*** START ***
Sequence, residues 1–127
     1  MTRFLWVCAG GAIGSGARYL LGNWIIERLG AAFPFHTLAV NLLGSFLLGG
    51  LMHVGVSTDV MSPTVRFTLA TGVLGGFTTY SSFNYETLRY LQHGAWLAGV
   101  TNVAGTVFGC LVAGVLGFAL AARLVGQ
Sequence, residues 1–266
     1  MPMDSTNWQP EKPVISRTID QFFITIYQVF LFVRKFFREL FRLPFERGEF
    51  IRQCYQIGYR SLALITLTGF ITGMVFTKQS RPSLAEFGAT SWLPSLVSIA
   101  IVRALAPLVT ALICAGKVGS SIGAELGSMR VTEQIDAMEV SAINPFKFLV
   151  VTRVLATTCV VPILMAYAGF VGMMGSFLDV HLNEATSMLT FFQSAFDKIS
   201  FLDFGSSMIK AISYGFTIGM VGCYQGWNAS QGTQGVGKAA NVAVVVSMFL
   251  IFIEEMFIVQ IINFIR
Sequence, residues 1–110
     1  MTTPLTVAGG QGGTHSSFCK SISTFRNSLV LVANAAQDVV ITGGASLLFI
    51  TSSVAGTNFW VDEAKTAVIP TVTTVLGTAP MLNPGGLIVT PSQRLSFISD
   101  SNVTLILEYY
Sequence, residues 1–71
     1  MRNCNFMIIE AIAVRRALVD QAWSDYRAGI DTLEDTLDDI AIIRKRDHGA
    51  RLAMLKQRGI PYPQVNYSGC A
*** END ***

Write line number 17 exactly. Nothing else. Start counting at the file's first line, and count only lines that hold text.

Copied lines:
     1  MRNCNFMIIE AIAVRRALVD QAWSDYRAGI DTLEDTLDDI AIIRKRDHGA